Secularist campaign groups are to be stopped from making "vexatious complaints" against the admissions systems of individual faith schools.
The government says only local parents will be able to pursue objections against how popular, oversubscribed schools prioritise applications.
The schools admissions watchdog has said public money was being wasted by multiple objections by pressure groups.
The education secretary says it will be "easier for parents to have a say".
Nicky Morgan says the changes will "unclog" the admissions system for individual schools, by limiting challenges to local parents and local authorities and excluding lobbyists and pressure groups.
'Targeting' faith schools
In particular the Department for Education says it will stop "secularist campaign groups" who have "targeted faith school admissions as part of a particular agenda".
Schools Adjudicator, Elizabeth Passmore, has said in her annual report that handling challenges against individual school admissions policies from those with "no connection in terms of seeking a place for their child" is "not good use of an adjudicator's time and public money".
Such challenges meant that running the adjudication service was costing more than £1.1m per year.
Dr Passmore said campaign groups appeared to be trying to influence wider education policy rather than appealing over admissions rules in schools where they might want to seek a place for their children.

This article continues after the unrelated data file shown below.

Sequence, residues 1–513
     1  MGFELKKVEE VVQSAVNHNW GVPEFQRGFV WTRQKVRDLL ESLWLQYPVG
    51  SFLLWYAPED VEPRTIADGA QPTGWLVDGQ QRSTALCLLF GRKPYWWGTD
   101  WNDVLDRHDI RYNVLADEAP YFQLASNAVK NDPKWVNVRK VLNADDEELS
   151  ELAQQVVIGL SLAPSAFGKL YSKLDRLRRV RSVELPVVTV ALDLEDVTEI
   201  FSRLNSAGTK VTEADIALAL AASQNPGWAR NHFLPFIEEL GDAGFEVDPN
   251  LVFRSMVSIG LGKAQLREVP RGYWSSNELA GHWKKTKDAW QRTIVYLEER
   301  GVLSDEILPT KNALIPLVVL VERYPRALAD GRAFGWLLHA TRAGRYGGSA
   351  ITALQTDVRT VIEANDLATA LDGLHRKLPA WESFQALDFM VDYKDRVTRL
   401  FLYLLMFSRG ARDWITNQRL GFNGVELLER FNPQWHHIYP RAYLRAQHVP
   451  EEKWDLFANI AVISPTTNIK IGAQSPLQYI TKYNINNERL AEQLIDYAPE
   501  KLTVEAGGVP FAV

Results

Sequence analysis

She had suggested that the government should consider limiting the range of those who could complain and whether complaints should be able to be made anonymously.
The campaign manager of the National Secular Society, Stephen Evans, said: "Many parents will understandably not wish to be named as a complainant and look to groups such as ourselves to challenge unfair admissions on their behalf.
"These plans will ensure that this route is now effectively blocked, allowing faith schools to break the admission code with impunity."
Andrew Copson, chief executive of the British Humanist Association, said the changes will "reduce parents' fair choice of state schools".
"Instead of moving to enforce the law, the government has responded by planning to make it harder to identify future violations of it. This is an affront to both democracy and the rule of law."
But Paul Barber, director of the Catholic Education Service, welcomed the government's recommendations, saying it would reduce the "unnecessary burden on teachers' workloads".
Mr Barber had said that the use of school admissions appeals by campaigners was unfair and meant "the time of school staff is taken away from supporting pupils to respond to vexatious complaints which serve only to fulfil the campaigning purpose of one organisation".
The admission changes announced by the education secretary will also mean that admissions authorities - which could be individual schools or local authorities - will have to consult more frequently on their rules for allocating places.
They will have to hold a local consultation at least every four years, rather than seven years as at present.
"We want every child to have the opportunity to go to a good local school by making it easier for parents to have a say in their local school's admission process," said Mrs Morgan.